Japan´s HTV-4 dockt erfolgreich an ISS
Flight Engineer Karen Nyberg, with the assistance of Flight Engineer Chris Cassidy, initially grappled the HTV-4 with the Canadian Space Agency-provided arm at 7:22 a.m. as the Japanese space freighter flew within about 30 feet of the complex. Flight Engineer Luca Parmitano of the European Space Agency joined the two NASA astronauts in the cupola to monitor the systems of the Japanese space freighter during its approach.
At the time of capture, the station was orbiting 260 miles just to the south of South Africa.With HTV-4 securely in the grasp of Canadarm2, the robotics team at the Johnson Space Center’s Mission Control Center remotely commanded the arm to guide HTV-4 to a ready-to-latch position on the Earth-facing port of the Harmony node. Nyberg and Cassidy then used a laptop computer to conduct the initial bolting and first stage capture of Harmony’s Active Common Berthing Mechanism (ACBM) with HTV-4’s Passive Common Berthing Mechanism (PCBM). Once that was done, the ground team completed the bolting process through second stage capture.Also known as Kounotori – Japanese for “white stork” because it is emblematic of an important delivery – the HTV is a 33-foot-long, 13-foot-diameter unmanned cargo transfer spacecraft capable of delivering both internal and external supplies and hardware to the station. HTV-4 launched from the Tanegashima Space Center in southern Japan on Aug.3 at 3:48 p.m. (Aug. 4 at 4:48 a.m., Japan time).fter equalizing pressures between the cargo craft and the station, the crew is scheduled to open the hatches Saturday and begin the process of removing the supplies from the Kounotori’s pressurized logistics carrier.
Among the items within Kounotori’s pressurized section are test samples for research experiments inside the Kibo laboratory, a new freezer capable of preserving materials at temperatures below -90 F, four small CubeSat satellites to be deployed from Kibo’s airlock as well as food, water and other supplies for the station’s crew. The pressurized section also is delivering new hardware for the Robotic Refueling Mission to demonstrate robotic satellite-servicing tools, technologies and techniques.
The HTV-4’s unpressurized section is delivering two orbital replacement units (ORUs) – a spare Main Bus Switching Unit (MBSU) and a spare Utility Transfer Assembly (UTA) – to keep the space station’s electrical system operating smoothly. The UTA maintains electrical continuity through the Solar Alpha Rotary Joint, passing electrical power generated by the complex’s huge solar arrays to station elements and payloads, while the MBSU provides switching capabilities for the various power channels and sources. ORUs are modular station components designed to be replaced periodically.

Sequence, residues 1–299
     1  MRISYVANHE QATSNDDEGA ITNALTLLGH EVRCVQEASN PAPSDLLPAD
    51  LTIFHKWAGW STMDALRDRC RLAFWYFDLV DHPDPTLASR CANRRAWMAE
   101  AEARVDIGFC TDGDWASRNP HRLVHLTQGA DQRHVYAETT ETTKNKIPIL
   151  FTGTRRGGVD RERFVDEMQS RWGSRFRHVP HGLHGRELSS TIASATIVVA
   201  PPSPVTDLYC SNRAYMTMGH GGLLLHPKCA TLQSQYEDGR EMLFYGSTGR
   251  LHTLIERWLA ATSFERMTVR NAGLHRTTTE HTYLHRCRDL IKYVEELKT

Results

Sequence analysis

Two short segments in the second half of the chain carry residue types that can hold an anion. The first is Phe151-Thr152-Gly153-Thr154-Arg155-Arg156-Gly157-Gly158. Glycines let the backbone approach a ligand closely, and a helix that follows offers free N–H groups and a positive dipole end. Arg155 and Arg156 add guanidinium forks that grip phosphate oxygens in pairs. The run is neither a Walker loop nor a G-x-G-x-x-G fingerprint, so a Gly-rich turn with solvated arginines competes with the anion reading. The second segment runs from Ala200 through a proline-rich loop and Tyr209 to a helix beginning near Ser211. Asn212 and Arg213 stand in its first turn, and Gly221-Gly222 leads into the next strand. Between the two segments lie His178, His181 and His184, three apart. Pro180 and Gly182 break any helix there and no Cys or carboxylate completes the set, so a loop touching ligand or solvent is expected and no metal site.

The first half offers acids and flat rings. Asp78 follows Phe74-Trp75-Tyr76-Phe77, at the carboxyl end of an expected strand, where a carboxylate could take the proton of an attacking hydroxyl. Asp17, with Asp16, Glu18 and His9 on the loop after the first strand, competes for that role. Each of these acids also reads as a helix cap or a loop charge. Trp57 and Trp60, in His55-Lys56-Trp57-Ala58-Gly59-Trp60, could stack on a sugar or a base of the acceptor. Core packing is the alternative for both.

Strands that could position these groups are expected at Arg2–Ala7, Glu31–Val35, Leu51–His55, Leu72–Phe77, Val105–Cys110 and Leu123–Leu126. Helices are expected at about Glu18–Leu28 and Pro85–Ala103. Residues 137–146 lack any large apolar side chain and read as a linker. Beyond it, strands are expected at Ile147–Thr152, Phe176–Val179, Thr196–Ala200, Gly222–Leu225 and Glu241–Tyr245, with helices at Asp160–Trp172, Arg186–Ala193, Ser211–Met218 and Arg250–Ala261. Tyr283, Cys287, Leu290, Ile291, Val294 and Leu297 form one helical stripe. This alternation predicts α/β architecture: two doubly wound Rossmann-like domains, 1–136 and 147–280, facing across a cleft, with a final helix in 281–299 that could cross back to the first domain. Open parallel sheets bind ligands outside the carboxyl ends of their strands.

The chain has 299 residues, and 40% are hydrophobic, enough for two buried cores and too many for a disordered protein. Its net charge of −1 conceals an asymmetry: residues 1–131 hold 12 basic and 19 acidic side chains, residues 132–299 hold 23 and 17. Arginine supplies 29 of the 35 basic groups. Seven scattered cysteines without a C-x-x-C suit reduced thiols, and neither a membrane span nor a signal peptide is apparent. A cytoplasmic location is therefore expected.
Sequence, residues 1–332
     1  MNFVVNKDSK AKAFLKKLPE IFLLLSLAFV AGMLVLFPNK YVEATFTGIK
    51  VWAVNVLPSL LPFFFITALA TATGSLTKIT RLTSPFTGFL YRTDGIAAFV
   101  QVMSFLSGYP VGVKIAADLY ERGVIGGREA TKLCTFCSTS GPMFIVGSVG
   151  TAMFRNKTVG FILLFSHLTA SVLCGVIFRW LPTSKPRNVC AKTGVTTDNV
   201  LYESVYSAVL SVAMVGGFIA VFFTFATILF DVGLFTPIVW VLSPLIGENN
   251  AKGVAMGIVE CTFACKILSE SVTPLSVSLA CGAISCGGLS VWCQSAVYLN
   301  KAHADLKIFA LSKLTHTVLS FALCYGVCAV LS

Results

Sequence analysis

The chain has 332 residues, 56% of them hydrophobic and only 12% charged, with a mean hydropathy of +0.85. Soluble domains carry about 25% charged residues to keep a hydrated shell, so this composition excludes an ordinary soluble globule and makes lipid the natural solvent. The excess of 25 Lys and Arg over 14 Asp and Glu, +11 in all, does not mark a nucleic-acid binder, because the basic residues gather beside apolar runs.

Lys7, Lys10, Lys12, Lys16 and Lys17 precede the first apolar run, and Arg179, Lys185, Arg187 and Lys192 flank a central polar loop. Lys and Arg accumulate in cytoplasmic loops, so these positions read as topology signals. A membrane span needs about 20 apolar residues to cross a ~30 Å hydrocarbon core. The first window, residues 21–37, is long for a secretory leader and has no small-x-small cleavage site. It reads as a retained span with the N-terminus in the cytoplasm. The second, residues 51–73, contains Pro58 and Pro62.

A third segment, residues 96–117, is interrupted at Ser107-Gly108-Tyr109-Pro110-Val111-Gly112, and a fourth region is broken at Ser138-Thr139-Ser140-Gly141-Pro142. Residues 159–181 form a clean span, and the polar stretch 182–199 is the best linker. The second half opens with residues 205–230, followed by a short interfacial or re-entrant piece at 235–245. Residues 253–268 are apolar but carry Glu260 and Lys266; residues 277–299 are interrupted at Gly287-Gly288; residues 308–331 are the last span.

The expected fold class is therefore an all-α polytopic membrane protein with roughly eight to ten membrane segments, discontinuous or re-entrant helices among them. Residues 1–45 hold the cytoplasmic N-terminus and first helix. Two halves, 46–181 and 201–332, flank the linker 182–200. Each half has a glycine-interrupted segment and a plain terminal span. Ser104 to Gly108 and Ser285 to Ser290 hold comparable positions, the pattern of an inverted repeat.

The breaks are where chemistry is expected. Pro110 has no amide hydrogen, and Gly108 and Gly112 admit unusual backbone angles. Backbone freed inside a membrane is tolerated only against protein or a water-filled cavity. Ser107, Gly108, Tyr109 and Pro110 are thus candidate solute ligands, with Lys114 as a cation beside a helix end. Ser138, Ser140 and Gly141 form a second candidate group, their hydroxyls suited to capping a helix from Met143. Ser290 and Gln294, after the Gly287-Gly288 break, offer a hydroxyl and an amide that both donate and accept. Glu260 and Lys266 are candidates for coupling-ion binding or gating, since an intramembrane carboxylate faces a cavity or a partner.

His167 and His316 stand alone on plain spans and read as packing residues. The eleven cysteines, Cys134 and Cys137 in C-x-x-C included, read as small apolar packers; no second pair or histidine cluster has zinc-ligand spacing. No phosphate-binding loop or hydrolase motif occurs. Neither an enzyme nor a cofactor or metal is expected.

Also inside HTV’s unpressurized cargo hold is the Space Test Program – Houston 4 (STP-H4) payload, which is a suite of seven experiments for investigating space communications, Earth monitoring and materials science.
The exposed pallet to which all the unpressurized cargo is mounted will be removed from Kounotori by Canadarm2, handed off to the Japanese Experiment Module robotic arm and attached to a platform on the Kibo module’s Exposed Facility over the weekend.
In early September, the cargo vehicle will be filled with trash, detached from the station and sent to burn up in Earth's atmosphere.
NASA Television will air live the departure of a Japanese cargo ship from the International Space Station at noon Wednesday, Sept. 4.
Expedition 36 Flight Engineer Karen Nyberg of NASA will use the station's robotic arm to detach the H-II Transport Vehicle (HTV)-4 from the space station's Harmony module. This will wrap up a month's stay at the orbiting laboratory, during which time more than 3.5 tons of supplies and spare parts were unloaded from the vehicle onto the space station. The departure frees up a space station docking port for the arrival of Orbital Sciences Corp.'s Cygnus cargo vehicle in late September.
NASA TV coverage will begin at 11 a.m. EDT with an expanded edition of "Space Station Live," featuring activities surrounding the HTV-4 departure.
HTV-4 launched from the Tanegashima Space Center in southern Japan on a Japanese H-IIB rocket Aug. 3. It arrived at the space station Aug. 9 and was installed on Harmony several hours after being grappled by Nyberg.
Update : 2.09.2013
The Exposed Pallet (EP) of the HTV4 was reinstalled into KOUNOTORI's Unpressurized Logistics Carrier (ULC).
Rückblick: Ankunft von HTV-4 bei ISS
HTV-4 bei Abdock-Manöver
JAXA space cargo transporter re-enters atmosphere after ending ISS mission
An unmanned space cargo transporter operated by the Japan Aerospace Exploration Agency re-entered Earth’s atmosphere around 3:30 p.m. Saturday and burned up over the Pacific, after completing its mission.
The Konotori No. 4 was equipped with a so-called i-Ball device to videotape its re-entry into Earth’s atmosphere and beam back images before disintegrating.
Launched Aug. 4 from the Tanegashima Space Center in Kagoshima Prefecture, the Konotori No. 4 ferried about 5.4 tons of supplies to the International Space Station, including the talking humanoid robot Kirobo and an advanced camera to capture images of comets. It docked at the ISS on Aug. 10.
The vehicle was spun off from the ISS and released into space by a robotic arm Thursday, loaded with rubbish and items no longer necessary, such as used equipment for experiments.
Quelle: The Japan Times
KOUNOTORI4 (HTV4) descended to an altitude of 120km and reentered Earth's atmosphere around 3:37p.m. on September 7. KOUNOTORI4 successfully completed its cargo supply mission to the ISS.
Update: 9.09.2013 - Frams JAXA-TV von HTV-4 Abdocken von ISS und Re-Entry.
Re-Entry Aufnahmen von HTV-4
HTV-4-Mission erfolgreich beendet